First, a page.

The PROFILE button is often the most fun of the four MEDSUM buttons. Its most common use is for exploring the publication history and biases of an individual researcher or a journal. However, it can also be used to explore subject areas very thoroughly. Each of these areas; authors, journals and subjects have their own tips and tricks associated with them, so they will be dealt with separately.

Very generally, PROFILE downloads the full MEDLINE versions of all papers called by the query (title, abstract, authors, MeSH terms, everything). As PubMed E-Utilities requests that you download a maximum of 500 records at a time with 3-second delays between each batch, the PROFILE button currently limits itself to the first 10,000 records (previously was 1,500). This easily covers all author profiles, all journal profiles, but only some subject profiles.

A PROFILE can take between 2 seconds and a number of minutes, depending on the number of records being downloaded and processed.

            PROFILING an AUTHOR.
This is usually relatively quick. PROFILE will present a series of summary statistics.
These are:
Top 10 Authors (or in this case the author in [square brackets] and his/her co-authors, unless there is name ambiguity - see below)
Top 10 Journals (where that author has published)
Humans:Animals ratio (how many papers they have published on humans, and how many on animals)
Male:Female ratio (same as above, but papers on both males and females get one count on each)
Age profile (for studies on humans, the ages of the populations used)
Top 10 Major MeSH Headings (the broad categories of their papers)
Top 10 Starred MeSH Headings (the specific categories and sub-categories of their papers)
Papers sorted by years (same as Timeline - total number of papers tabularised by year)

TIP: Name ambiguity...
Middle names are rather useless things until you become a scientist. If your name really is John Smith and you have no middle initial, a search on Smith J will not be as rewarding as if you have a literature-unique name. (In fact Smith J returns over 15,000 papers). In order to easily write a query that returns your own papers only and gives a representative profile, just utilise your regular co-authors (e.g. PhD and post-doc supervisors) in the format: Smith J AND (Flanders N OR Burns CM OR Smithers W OR Terwilliger RU). Although this might not cover all your papers (e.g. sole author papers), nevertheless it will make a decent profile of your publication history.

            PROFILING a JOURNAL.
Journal profiles look identical to author profiles. The only differences are 1) the "Top 10 Authors" are the top 10 publishers in that journal, and 2) The "Top 10 Journals" are usually only the journal name in [square brackets] to indicate that it recognised that it was a journal profile. Otherwise, the Humans:Animals ratio and Major/Starred MeSH Headings give you a good idea if your work fits the journal's areas of interest and/or readership. The publications by year give an indication of how old the journal is and whether it is growing in size.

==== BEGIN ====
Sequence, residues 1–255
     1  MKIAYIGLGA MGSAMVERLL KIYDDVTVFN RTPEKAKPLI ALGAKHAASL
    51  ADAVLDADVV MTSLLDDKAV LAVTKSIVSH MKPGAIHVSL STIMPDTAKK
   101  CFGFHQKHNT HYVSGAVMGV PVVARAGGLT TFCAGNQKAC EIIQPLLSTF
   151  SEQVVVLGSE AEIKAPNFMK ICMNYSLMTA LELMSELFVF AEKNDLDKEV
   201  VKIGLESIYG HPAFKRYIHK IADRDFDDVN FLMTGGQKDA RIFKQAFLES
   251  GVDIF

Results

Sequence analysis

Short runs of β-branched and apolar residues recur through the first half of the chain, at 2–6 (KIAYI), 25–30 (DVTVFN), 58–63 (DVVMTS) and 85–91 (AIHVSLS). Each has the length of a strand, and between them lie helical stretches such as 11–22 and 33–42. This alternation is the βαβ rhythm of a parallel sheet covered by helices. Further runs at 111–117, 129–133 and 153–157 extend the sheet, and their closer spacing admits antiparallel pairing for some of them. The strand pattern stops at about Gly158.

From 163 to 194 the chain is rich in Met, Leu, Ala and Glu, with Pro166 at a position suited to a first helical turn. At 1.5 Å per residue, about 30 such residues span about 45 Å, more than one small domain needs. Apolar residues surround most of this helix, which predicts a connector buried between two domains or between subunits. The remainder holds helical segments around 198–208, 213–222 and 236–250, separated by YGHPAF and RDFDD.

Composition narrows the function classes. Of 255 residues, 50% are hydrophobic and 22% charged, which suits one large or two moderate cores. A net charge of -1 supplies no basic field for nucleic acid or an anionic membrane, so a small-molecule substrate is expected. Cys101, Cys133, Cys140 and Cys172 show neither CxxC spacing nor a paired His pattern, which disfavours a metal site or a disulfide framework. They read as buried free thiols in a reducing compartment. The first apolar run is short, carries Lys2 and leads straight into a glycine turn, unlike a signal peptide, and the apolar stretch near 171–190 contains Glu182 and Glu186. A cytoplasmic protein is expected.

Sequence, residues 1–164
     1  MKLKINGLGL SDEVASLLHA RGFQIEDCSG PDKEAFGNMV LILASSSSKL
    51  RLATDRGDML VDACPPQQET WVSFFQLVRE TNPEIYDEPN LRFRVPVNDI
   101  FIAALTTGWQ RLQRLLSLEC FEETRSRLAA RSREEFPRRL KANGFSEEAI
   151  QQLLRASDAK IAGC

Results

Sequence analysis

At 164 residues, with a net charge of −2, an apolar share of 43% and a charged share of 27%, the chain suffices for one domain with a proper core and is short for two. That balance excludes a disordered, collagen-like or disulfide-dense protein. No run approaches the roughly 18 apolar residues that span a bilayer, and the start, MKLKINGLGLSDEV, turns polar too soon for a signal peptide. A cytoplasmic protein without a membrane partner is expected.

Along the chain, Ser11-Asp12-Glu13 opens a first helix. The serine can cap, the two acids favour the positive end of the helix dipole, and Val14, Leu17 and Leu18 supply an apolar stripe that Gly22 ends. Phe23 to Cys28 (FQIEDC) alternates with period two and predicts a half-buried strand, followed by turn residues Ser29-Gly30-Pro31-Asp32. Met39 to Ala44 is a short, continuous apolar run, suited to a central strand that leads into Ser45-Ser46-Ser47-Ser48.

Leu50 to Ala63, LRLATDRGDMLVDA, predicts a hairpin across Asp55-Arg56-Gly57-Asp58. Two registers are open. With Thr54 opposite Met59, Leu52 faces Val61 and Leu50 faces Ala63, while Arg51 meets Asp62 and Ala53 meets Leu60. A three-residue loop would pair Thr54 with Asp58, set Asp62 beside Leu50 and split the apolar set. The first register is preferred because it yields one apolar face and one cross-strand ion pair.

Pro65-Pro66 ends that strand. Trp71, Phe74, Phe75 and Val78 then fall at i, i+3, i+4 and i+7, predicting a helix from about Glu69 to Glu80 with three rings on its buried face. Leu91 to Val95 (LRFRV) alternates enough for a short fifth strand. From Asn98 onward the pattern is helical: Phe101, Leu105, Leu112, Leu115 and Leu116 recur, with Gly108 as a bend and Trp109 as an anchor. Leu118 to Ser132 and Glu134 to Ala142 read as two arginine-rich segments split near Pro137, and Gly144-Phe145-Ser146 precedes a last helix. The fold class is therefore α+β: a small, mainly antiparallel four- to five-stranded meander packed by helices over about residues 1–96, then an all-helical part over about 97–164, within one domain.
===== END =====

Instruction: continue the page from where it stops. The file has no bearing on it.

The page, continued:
TIP: If you are worried that your profile of a long-established journal is confounded by data from the 70s and 80s and might not represent current trends in the journal, simply limit your search to current years. For example, with the Journal Behavior Genetics (with PubMed records beginning in 1970, according to Timeline), enter Behavior Genetics 2000:2100[dp] or you can use the format: Behav Genet "last 5 years"[dp].

            PROFILING a SUBJECT.
At the moment, the utility of the PROFILE button to handle subject areas is limited due to the 1500 record limit which is often far too small for characterizing large domains of research. However, if just looking to characterise recent trends, PROFILE can help identify the top researchers and journals for the subject, or (via the starred MeSH terms) indicating newer areas of interest associated with the subject.

TIP: Given that several sets of information (the research ratios, age profiles and Major/Starred MeSH terms) all come from the MeSH fields, you may want to ensure that the records you process are MEDLINE entered. For subjects that have huge numbers of publications each year, a SUBJECT PROFILE might only just catch the current year and most of those papers will not yet be MEDLINE entered. For example, enter magnetic resonance imaging and click PROFILE (chose 1500 records). Look at how many of those records are in MEDLINE. Now try magnetic resonance imaging AND medline[sb]. You will see that because you are selecting the 1500 most recent papers that also have full MEDLINE entries, all papers contribute to all descriptive fields.

TIP: Handling the information in chunks...
If you are determined to process all records from a large subject area (with over 10,000 records), you can simply do PROFILE in manageable chunks. First run your query through Timeline to see how many publications there are for each year, then divide those into spans that fit under 10,000 records. Years can be chunked in the format: autism 1990:1995[dp]